By Akshat Rathi
Let’s take a step back. Corporate financial accounting tells you how much a company earned, how much it spent and how much it owes. You can generally trust those numbers because most large companies employ skilled, expensive auditors to ensure that the figures are as accurate as possible. When companies mess up, they can expect harsh punishment from regulators, ranging from large fines to prison time. That means they have to be able to justify every figure on every line.
Carbon accounting is nowhere near as rigorous. Unlike financial accounting, almost all carbon accounting is voluntary and based on voluntary standards. Accurate or not, the company will likely come in for praise just for trying. No matter how egregiously a carbon accountant messes up, they’re unlikely to see the inside of a jail.
While companies can be fairly accurate about the emissions they directly produce (called Scope 1), that accuracy drops rapidly when they have to account for emissions from their supply chain or users of their products (called Scope 3). Even in the best case, therefore, carbon accounting is based on a huge number of assumptions.
You’ve probably guessed where I’m going with this. Voluntary reporting combined with a long list of assumptions presents a huge risk of getting things wrong. Let’s take one example. The U.S. has stronger regulations on emissions reporting than most large emitters. And, yet, study after study has shown that oil and gas companies underreport their methane emissions. Methane is the second-largest contributor to warming the planet, after carbon dioxide.
That’s a big problem on its own, but especially so because the emissions gas companies report as their Scope 1 form the basis of Scope 3 emissions reported by utilities that use the gas to generate electricity, by tech companies that use the gas to heat buildings, and on and on. (To be sure, the burning of the gas by utilities or tech companies would be their Scope 1 emissions, which it may be able to calculate accurately. But the methane emissions generated during the process of producing and transporting the fuel would be accounted for as those companies’ Scope 3 emissions.)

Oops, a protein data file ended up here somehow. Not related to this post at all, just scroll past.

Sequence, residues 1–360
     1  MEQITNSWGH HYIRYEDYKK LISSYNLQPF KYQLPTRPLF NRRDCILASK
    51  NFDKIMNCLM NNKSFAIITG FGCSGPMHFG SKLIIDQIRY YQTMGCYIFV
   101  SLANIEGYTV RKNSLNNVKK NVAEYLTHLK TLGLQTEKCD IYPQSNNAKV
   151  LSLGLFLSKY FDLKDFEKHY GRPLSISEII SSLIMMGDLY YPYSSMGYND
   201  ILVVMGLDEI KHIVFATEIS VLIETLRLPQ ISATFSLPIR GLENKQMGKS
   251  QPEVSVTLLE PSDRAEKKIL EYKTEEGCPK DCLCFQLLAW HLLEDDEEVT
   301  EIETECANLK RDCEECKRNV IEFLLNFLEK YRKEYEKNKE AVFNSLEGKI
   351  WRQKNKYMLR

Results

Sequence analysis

“That mistake propagates all the way up through your system and gives you a false picture of your actual carbon impact,” says Ryan Orbuch, who works on the climate team of payment giant Stripe. The emissions companies report form the basis of investor decisions and public opinion. In compliance markets such as the European Union’s Emissions Trading System, companies are required to provide accurate carbon emissions on an asset-by-asset level. These cover only direct Scope 1 emissions, and companies that get those figures wrong can face fines.
Over the past six months, Bloomberg Green has been reporting on methane leaks across the world, from Australia to Canada. Many companies own up to the leaks when they show up on satellite images, but until the eyes in the skies appeared, they could have easily gotten away with it—you can’t trace a methane molecule back to its source.
It’s revelations like these that can prompt important decisions. Last year, energy company Engie halted a natural-gas deal with a U.S. company, because Engie worried the methane leaks from the production of the fuel may run afoul of the French government’s plan to cut emissions.
Still, satellite monitoring and compliance markets cover only a fraction of global emissions. Governments don’t employ people to track every dollar, but rather rely on regulatory sticks to ensure companies don’t lie. Similarly, carbon accounting won’t be as robust as it needs to be without regulations, says Cynthia Cummis, director of private sector climate mitigation at the World Resources Institute. Without those regulations, Cummis says, “Companies do not have a lot of leverage over, say, their power supplier to give accurate emissions data.”
As the mantra goes, if you can’t measure it, you can’t manage it. If the world is serious about reducing emissions, it will have to get better at accurately accounting for it first.